A state lawmaker worries that Nebraskans are losing touch with the state’s largest industry: agriculture.
Sen. Kate Sullivan of Cedar Rapids has told members of two legislative committees she still backs formation of an Agriculture Literacy Task Force.
“We are an agricultural state. We cannot dispute that. But, we also know that agriculture on many levels is misunderstood,” Sullivan, a farmer and banker, said during testimony at a hearing at the Capitol. “So, consequently, it’s often put on the defensive or overlooked and undervalued with respect to its importance in society.”
Sullivan’s proposal failed in the last session after the Nebraska Department of Education suggested an existing task force could tackle the problem. She sponsored LR 511, which called for an interim study of the issue.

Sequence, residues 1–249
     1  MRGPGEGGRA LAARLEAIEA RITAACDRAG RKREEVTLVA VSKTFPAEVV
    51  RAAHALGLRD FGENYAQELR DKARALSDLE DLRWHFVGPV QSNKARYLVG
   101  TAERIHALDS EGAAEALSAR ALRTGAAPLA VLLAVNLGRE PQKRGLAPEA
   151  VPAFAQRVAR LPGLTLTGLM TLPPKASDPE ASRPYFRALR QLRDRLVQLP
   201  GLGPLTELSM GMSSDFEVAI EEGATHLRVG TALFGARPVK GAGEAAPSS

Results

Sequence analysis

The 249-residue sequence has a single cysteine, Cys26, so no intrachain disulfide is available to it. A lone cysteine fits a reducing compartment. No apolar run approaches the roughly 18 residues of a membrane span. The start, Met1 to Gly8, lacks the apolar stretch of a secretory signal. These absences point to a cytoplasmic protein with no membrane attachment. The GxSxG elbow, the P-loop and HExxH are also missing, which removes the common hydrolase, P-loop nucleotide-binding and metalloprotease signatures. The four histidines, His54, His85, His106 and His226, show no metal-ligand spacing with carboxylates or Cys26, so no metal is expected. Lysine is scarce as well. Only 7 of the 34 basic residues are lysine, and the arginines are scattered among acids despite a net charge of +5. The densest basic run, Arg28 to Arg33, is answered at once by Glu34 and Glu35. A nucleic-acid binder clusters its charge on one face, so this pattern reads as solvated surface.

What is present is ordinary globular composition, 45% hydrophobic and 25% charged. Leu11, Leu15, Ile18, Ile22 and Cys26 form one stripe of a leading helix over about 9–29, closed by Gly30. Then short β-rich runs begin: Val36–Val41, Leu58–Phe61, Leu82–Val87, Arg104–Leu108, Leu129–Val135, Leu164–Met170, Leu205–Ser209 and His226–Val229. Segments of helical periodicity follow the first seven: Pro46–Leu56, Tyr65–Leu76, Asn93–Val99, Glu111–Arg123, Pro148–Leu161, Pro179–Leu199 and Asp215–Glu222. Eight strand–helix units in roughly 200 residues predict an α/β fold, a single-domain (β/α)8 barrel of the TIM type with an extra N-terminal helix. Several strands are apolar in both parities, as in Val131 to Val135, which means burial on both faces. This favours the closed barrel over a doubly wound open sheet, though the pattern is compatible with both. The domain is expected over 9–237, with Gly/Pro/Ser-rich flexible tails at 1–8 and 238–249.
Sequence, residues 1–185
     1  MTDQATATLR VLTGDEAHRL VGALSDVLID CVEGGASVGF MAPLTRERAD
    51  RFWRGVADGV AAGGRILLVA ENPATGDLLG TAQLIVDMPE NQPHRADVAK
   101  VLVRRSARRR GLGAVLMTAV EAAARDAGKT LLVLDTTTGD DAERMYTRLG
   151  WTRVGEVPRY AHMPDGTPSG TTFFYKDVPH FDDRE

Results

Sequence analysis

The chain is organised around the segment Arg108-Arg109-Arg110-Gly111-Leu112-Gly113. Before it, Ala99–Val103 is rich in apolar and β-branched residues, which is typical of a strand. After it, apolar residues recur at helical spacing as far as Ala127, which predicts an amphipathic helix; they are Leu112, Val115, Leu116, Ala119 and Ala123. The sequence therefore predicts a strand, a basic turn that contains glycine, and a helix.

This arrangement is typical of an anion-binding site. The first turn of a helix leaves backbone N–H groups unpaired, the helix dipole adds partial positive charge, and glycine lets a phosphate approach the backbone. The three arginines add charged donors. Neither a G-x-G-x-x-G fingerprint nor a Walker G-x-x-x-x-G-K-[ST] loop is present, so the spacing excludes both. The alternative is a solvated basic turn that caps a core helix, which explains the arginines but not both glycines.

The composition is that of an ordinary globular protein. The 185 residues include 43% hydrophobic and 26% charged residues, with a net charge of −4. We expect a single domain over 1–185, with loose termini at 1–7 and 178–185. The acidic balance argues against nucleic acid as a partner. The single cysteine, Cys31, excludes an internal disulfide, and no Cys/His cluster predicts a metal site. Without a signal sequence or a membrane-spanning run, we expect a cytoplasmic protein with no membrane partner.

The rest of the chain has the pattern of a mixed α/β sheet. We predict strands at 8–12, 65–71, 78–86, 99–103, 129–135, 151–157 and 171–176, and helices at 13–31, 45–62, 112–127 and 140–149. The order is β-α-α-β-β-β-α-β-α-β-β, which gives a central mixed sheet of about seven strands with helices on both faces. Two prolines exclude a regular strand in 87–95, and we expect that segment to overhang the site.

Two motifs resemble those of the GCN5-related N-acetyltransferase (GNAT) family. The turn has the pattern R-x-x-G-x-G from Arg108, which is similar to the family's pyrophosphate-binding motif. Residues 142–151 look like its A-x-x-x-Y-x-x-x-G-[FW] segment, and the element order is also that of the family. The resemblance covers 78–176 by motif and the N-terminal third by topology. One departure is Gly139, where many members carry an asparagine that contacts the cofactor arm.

The legislature’s Education and Agriculture Committees heard from agricultural leaders worried that a growing number of students know little about farming.
Nebraska Agriculture in the Classroom coordinator Deanna Karmazin told state legislators agricultural education can be incorporated in many subjects.
“We don’t want an entire curriculum reform. All we want them to do is use agriculture as that vehicle to teach geography, history, economics, science and math to name a few,” Karmazin explained. “Use agriculture examples as they teach those course standards.”
Karmazin characterized some of the material dealing with agriculture now used in the classroom as outdated, fragmented and condescending.
A shift in population has added urgency to the issue, according to supporters. Rural Nebraska has been losing population as the urban centers of Omaha and Lincoln gain. In wake of the last Census count, outstate Nebraska lost a rural legislative seat to the urban areas.
Ken Anderson, Brownfield Ag News, contributed to this article.